I don't expect to hear political wisdom from Hollywood movie stars, but I loved this quote from Will Smith on yesterday's The Late Show, about US race relations (from 5:23): 'When I hear people say "it's worse than it's ever been", I really disagree completely. It's clearly not as bad as it was in the 60s, and it's certainly not as bad as it was in the 1860s'. Then this line, which deserves its own bumper sticker or hashtag or something: 'Racism isn't getting worse, it's getting filmed'.
Yes, racism is being exposed more often in the US thanks to the ubiquity of small cameras and the internet, and that both helps expose prejudice but also increases the feeling that something major is amiss. It's called availability bias, 'a mental shortcut that relies on immediate examples that come to a given person's mind when evaluating a specific topic, concept, method or decision...people tend to heavily weigh their judgments toward more recent information, making new opinions biased toward that latest news.' I think this is the point Rodger Shanahan was reaching for last week: we would feel better about our world, or certainly less alarmed, if we stepped back from the torrent of headlines and got some historical perspective.
There's a nice short essay on this topic by Mark Manson (h/t Tyler Cowen):
Cameras, the internet, and most importantly, social media. This is what’s new. This is what’s different. How we’re getting information, what information is reaching us, and most importantly, what information and views we are most rewarded for sharing.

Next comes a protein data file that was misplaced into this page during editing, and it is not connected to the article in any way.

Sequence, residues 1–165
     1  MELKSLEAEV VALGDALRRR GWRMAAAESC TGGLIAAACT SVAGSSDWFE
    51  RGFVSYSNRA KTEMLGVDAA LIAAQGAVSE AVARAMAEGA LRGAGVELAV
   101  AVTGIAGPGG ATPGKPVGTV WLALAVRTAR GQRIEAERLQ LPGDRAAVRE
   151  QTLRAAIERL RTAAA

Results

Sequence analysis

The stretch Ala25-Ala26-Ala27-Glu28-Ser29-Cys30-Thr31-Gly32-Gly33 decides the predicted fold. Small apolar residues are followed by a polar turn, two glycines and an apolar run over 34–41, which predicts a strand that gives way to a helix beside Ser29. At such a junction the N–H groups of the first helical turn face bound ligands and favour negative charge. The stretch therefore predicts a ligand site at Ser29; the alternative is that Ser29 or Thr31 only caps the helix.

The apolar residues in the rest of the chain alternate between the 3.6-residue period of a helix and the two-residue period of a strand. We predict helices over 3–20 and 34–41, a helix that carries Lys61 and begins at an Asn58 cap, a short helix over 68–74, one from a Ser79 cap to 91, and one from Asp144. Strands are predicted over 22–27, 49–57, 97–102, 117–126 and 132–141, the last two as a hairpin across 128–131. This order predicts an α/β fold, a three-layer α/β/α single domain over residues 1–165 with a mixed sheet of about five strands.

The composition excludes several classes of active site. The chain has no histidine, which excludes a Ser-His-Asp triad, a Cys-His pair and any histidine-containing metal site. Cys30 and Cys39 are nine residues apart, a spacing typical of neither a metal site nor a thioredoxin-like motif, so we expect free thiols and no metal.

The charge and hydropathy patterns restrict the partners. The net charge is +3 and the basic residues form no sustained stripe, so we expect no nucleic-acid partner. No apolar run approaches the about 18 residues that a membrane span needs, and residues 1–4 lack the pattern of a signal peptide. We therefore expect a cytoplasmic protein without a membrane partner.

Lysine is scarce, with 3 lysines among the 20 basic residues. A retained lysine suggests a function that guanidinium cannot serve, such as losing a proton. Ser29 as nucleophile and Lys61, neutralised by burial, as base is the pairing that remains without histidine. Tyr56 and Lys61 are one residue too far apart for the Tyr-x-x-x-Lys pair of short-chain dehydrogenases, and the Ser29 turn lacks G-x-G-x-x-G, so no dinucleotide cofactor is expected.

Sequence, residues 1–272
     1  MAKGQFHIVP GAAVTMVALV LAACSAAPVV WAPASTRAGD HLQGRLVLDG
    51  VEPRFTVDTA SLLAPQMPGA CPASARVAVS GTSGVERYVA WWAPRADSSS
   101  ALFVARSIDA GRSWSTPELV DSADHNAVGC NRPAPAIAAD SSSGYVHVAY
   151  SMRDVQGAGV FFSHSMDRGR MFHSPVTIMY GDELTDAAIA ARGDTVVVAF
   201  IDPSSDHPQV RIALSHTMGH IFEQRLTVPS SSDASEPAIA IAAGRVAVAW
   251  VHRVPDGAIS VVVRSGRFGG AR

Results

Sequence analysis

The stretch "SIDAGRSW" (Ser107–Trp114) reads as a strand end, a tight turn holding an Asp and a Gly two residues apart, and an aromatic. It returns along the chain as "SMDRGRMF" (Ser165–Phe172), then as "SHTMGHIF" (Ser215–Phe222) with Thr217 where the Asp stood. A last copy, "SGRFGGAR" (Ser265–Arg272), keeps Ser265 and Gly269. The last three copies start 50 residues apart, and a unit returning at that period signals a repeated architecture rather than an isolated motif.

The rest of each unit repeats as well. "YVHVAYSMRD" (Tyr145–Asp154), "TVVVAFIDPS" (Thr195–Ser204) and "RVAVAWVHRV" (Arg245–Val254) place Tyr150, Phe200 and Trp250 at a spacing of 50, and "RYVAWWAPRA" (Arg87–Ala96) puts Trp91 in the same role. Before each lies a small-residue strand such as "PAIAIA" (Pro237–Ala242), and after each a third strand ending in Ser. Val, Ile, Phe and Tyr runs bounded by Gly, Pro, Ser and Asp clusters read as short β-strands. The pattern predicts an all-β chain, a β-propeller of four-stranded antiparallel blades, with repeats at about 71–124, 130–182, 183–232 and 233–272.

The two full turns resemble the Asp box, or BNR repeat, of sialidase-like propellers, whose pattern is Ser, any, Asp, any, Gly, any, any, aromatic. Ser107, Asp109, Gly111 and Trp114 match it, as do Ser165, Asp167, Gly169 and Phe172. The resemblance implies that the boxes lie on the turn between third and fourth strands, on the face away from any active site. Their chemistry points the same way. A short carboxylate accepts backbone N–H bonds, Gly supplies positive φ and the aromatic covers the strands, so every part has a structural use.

In the attention economy, people are rewarded for extremism. They are rewarded for indulging their worst biases and stoking other people’s worst fears. They are rewarded for portraying the world as a place that is burning to the ground, whether it’s because of gay marriage, or police violence, or Islamic terrorism, or low interest rates. The internet has generated a platform where apocalyptic beliefs are celebrated and spread, and moderation and reason is something that becomes too arduous and boring to stand.
And this constant awareness of every fault and flaw of our humanity, combined with an inundation of doomsayers and narcissistic nihilists commanding our attention space, is what is causing this constant feeling of a chaotic and insecure world that doesn’t actually exist.
And then: it’s this feeling that is the cause of the renewed xenophobia and nationalism across the western world. It’s this feeling of insecurity and chaos that is igniting the platforms of divisive strong-men like Trump, Erdogan, and Putin. It’s this feeling that has consumed the consciousness of millions of people, and caused them to look at their country through the lens of a fun-house mirror: exaggerating all that is wrong and minimizing all that is right.
And this is what disturbs me: the fact that people today, despite living with more safety and wealth and access to information than anyone in human history, feel as though the world is going crazy and something drastic must be changed.